Farms need fences, and fences probably should be built on one’s own property. Several walkabouts this fall/winter (we tried to stay out of the woods in the spring/summer due to ticks) gave us a fairly good idea of where the boundaries are, but one never knows.
The North boundary was easy, the road, to the West was a wood lined drainage ditch (both sides) separating us from the neighbor, the Eastern side was graced by a mostly fallen barbed wire fence, and the Southern end was anybodies guess (although we did pace it out).
The Commander was thinking that he would take out a GPS and just mark the corners, but little did he know that the legal description of the property read something like; the NE 1/4 of the SE 1/4 of P31, S4, …. – total gibberish.
Calls to local survey businesses revealed one thing, surveys are really expensive. After discussing how the neighbors would react if we threw up a fence on their land we decided to have a survey done.
Day 1 of the survey provided us with a stake one the edge of the yard, with the driveway and garage on the wrong side of the stake. Hmmm, why did the surveyor leave to go look up some court records? Could the driveway and garage be on the wrong side of the property line? A quick call revealed that the stake was a GPS mark – whew – they will be back to finish the next day.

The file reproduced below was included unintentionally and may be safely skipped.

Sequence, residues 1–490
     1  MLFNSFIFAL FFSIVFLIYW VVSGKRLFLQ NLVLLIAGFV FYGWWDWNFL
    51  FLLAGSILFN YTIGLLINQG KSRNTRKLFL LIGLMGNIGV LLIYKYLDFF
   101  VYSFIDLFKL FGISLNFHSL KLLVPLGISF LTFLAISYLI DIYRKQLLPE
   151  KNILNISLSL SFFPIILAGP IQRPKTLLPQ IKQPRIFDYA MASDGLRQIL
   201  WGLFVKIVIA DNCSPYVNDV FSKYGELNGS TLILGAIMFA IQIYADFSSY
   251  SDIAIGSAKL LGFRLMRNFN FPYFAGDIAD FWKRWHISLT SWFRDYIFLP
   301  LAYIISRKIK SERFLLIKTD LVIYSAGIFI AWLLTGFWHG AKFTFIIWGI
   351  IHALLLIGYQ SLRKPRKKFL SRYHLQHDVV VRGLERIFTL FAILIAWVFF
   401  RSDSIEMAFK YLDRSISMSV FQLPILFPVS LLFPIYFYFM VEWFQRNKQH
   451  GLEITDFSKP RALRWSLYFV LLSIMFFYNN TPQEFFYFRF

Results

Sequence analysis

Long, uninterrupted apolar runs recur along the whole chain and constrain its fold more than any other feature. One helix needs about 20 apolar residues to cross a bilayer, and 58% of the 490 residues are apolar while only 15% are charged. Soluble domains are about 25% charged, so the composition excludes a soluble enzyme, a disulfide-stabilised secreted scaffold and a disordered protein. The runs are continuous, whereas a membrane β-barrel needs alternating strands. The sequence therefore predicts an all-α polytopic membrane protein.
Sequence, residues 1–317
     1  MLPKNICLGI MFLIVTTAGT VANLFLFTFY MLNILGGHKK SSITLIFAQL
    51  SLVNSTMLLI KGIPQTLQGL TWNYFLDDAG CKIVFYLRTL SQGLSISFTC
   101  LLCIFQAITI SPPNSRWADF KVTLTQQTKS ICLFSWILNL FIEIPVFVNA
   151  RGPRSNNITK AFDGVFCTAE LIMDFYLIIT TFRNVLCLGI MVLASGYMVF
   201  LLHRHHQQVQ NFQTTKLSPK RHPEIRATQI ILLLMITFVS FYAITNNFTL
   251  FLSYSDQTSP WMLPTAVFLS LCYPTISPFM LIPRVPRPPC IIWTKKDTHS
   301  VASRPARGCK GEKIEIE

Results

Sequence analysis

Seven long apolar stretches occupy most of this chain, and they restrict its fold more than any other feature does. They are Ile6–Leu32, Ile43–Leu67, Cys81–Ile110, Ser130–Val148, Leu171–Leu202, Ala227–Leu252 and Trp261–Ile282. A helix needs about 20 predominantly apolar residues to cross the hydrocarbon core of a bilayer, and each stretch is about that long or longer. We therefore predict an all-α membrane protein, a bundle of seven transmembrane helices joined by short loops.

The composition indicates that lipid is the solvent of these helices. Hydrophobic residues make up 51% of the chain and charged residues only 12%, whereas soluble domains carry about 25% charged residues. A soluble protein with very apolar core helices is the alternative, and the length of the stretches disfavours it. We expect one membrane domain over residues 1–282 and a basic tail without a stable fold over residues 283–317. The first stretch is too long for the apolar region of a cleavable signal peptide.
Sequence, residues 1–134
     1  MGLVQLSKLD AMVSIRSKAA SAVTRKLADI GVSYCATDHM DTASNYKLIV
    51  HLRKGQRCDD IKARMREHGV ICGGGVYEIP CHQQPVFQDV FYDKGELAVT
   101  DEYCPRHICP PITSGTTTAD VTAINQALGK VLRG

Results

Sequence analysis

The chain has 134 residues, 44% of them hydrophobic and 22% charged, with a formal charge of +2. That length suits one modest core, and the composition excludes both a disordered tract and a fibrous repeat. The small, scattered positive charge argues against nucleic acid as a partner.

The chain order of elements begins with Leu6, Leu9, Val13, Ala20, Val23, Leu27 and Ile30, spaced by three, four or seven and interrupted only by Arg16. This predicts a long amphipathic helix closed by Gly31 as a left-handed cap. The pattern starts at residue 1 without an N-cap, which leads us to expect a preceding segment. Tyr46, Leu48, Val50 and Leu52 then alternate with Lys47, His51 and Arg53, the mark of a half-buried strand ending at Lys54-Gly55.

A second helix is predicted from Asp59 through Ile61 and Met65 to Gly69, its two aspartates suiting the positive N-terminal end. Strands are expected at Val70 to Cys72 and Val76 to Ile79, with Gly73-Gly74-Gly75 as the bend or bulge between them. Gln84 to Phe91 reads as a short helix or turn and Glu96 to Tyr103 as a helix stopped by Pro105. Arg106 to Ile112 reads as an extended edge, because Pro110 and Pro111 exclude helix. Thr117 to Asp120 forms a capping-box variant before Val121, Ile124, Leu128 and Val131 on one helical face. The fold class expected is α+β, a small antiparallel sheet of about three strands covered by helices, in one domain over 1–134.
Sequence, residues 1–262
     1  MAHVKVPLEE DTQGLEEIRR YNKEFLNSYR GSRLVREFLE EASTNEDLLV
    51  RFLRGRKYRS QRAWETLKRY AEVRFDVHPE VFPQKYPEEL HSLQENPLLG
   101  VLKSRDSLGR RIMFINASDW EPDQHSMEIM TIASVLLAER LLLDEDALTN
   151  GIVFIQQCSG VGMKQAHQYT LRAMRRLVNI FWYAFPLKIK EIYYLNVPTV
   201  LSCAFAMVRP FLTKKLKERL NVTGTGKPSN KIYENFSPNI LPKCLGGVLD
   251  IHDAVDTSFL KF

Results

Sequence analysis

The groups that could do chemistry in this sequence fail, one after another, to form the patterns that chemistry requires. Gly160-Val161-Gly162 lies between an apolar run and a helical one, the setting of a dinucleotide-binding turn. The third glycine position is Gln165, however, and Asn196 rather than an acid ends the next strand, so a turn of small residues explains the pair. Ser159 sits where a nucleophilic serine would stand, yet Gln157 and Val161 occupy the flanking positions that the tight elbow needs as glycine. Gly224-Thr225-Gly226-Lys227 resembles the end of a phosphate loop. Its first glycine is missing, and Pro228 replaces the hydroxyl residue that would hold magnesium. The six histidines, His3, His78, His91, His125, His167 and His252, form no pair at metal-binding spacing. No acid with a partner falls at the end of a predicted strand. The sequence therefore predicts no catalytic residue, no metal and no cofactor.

Day 2 dawns with the surveyor arriving equipped with snowshoes, a telescopic sight thing, and a GPS. The snowshoes proved to be key, more on that later. So as the surveyor moved lightly over the snow, he left a trail of pink ribbons and stakes – angling away from the drainage ditch cutting about 10 feet behind the garage, and merging with the corner of the garden.
It seems that the drainage ditch was not the property line. The two dead trees that we had professionally removed last year because we were afraid that they could fall over the ditch and onto the neighbors house (or onto our garage) were on the neighbors property! It seems we have been raking and mowing part of the neighbors lawn that is oddly separated from their home by a ditch and woodland while it completely adjoins our own.
The Commander came home and noting the line of horrors behind the garage immediately wanted to venture out and check the rest of the markers. So off he goes with Sara in tow, to follow the trail of pink ribbons left by the surveyor. About 30 minutes later the Commander returns, completely out of breath and drenched in sweat. It seems that following the trail of the surveyor (who was on snowshoes) through 3+ feet of snow over broken wooded terrain was a bit more difficult than he anticipated.
Turns out the Northern and Eastern boundaries were about what were expected, while the pacing that we did to the South was accurate to within 10 yards. As for the Western side, well, we are going to have to think on that one for a bit.